Frequently Asked Questions
How long does therapy take?
Some people worry that starting therapy means they will need to go for the rest of their lives. Thankfully, this is not the case for most people. I always aim to get someone back to their life quickly. It is not uncommon to see some improvement in just a few sessions, and then decrease the frequency of sessions.
Do you take insurance?
I do not take insurance. Some insurance plans may cover "out of network" providers which means you may end up paying less. If this applies to you, I am happy to provide you with a superbill to submit for reimbursement. We can chat and I am happy to walk you through this process.
Do you offer evening appointments?
Absolutely! I understand that people may work, be in school, or have other life commitments. Therapy should fit with your life, not add to your stress. I am able to offer evening appointments to best fit your schedule. When you contact me we can discuss times.
How much do sessions cost?
I think of therapy as an investment in yourself. I offer free 15 minute consultations during which time we can discuss your goals and an approximate timeline. I offer a few sliding scale appointments for patients with financial need.
Intakes (60 minutes) $300
Sessions (45 minutes) $250
Family Therapy (60 minutes) $400
Longer sessions and other services are available. We can discuss costs on an individual basis
Are you currently accepting new clients?
Yes! I am currently accepting new patients for both individual and family therapy. Contact me to get started using the form on my homepage or by emailing firstname.lastname@example.org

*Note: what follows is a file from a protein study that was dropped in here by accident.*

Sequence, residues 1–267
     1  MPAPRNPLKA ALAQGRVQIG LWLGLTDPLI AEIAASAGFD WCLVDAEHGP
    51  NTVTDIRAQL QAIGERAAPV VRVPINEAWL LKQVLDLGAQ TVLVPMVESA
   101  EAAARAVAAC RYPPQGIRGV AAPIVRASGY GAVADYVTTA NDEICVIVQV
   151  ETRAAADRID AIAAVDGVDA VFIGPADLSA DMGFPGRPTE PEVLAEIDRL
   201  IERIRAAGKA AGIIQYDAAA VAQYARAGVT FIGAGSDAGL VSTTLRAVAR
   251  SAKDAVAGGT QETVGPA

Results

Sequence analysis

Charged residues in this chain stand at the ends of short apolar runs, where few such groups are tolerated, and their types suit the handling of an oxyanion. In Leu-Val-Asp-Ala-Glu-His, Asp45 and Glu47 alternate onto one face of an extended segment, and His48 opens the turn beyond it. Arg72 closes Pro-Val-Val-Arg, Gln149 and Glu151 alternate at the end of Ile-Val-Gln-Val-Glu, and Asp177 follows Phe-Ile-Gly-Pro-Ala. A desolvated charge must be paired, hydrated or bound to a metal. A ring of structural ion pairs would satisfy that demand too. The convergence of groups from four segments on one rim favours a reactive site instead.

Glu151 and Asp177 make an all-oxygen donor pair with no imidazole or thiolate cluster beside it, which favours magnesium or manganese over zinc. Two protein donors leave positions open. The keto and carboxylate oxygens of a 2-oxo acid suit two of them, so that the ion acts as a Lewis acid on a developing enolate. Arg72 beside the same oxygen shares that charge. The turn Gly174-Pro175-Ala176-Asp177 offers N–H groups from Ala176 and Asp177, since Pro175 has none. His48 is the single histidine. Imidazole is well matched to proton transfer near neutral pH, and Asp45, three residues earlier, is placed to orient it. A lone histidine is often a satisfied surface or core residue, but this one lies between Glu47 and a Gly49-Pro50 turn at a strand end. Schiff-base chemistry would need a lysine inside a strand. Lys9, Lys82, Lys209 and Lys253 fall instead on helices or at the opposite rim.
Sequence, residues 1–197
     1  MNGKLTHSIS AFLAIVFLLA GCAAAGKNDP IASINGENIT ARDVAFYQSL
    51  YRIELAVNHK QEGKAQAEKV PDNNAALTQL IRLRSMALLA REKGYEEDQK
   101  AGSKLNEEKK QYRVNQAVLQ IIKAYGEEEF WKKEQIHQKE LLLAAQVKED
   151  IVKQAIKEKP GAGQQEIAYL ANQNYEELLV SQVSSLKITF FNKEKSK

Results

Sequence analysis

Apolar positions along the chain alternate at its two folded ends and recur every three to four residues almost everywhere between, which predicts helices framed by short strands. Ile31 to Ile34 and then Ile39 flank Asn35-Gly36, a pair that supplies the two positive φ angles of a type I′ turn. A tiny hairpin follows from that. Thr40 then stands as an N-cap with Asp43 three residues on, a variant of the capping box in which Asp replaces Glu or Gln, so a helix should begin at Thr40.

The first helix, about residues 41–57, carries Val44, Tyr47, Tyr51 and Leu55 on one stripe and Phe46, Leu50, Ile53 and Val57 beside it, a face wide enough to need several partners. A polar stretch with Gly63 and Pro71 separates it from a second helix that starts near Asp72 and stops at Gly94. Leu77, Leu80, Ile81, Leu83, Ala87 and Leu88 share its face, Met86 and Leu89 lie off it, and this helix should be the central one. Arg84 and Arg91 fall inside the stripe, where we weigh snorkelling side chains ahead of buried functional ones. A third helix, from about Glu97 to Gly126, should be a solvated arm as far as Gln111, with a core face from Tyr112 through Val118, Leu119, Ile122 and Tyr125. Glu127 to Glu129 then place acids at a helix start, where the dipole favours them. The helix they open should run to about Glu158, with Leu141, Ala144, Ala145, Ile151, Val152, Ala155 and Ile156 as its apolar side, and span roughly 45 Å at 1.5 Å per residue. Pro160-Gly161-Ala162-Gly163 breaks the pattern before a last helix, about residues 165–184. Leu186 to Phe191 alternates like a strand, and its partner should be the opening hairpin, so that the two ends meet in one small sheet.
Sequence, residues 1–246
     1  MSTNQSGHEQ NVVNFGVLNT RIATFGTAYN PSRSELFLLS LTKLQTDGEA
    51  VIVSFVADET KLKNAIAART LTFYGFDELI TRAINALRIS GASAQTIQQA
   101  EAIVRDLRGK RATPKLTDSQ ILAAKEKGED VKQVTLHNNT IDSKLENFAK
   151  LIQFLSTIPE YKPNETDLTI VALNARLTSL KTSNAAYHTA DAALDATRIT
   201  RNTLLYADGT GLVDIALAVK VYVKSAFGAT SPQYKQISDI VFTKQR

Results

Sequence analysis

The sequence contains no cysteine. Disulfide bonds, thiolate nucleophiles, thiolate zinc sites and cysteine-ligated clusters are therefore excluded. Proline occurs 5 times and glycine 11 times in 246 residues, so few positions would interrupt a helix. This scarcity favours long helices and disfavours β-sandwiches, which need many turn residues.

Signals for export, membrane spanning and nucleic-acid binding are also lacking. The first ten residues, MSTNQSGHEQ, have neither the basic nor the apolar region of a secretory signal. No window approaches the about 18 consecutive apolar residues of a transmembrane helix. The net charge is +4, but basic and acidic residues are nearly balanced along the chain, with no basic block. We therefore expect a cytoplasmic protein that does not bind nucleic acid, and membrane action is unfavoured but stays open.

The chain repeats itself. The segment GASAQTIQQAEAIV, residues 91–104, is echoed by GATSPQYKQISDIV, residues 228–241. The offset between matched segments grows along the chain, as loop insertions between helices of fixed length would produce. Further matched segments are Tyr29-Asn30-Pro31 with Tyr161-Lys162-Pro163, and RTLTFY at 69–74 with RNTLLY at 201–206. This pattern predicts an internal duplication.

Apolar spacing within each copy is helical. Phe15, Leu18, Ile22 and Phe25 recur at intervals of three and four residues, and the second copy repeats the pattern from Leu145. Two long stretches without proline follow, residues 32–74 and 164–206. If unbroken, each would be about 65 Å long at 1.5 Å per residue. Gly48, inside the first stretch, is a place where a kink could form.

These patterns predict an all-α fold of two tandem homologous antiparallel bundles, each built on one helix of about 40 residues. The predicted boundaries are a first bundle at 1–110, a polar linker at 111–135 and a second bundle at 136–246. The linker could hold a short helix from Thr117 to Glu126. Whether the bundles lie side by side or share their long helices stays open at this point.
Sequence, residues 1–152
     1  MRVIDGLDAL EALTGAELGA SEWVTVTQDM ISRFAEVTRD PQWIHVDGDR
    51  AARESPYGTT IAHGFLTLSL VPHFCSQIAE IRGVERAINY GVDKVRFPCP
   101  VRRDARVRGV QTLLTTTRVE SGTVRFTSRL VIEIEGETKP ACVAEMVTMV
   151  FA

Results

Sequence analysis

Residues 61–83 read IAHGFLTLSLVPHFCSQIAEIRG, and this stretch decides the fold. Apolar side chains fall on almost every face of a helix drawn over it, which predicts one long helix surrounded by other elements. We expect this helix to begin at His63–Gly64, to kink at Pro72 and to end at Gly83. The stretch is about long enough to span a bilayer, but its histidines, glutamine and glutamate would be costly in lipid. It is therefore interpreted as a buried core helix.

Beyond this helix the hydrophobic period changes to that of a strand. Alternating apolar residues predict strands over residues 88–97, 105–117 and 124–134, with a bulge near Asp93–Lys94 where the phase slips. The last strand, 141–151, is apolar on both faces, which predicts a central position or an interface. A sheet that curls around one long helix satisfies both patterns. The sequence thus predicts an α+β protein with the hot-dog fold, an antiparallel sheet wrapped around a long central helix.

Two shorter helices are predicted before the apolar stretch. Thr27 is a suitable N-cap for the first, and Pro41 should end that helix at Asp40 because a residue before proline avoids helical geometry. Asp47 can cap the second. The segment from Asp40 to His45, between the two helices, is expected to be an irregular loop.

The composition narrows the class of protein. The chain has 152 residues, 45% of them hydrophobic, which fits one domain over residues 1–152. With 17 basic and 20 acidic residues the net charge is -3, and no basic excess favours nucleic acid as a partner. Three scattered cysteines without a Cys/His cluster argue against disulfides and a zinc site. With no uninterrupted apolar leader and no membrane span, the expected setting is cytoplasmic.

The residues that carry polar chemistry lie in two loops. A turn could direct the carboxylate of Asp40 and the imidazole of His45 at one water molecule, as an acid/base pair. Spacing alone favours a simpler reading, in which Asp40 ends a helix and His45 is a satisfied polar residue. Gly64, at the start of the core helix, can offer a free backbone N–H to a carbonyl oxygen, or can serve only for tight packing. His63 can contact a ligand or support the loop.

How Does the "No Surprises Act" Impact My Care?
For people who do not use insurance, health care providers are required to notify each patient of their "Good Faith Estimate" of care. Below is more information as to what that means, and how to read more information.
Provision of Good Faith Estimate
You have the right to receive a “Good Faith Estimate” explaining how much your medical and mental health care will cost.
Under the law, health care providers (including psychologists) need to give patients who do not have insurance or who are not using insurance an estimate of the expected charges for medical services, including psychotherapy services.
You have the right to receive a Good Faith Estimate for the total expected cost of any non-emergency healthcare services, including psychotherapy services.
You will be provided with a Good Faith Estimate by your healthcare provider before you schedule a service.
If you receive a bill that is at least $400 more than your Good Faith Estimate, you can dispute the bill. Make sure to save a copy or picture of your Good Faith Estimate.
For questions or more information about your right to a Good Faith Estimate, visit www.cms.gov/nosurprises or call 800-985-3059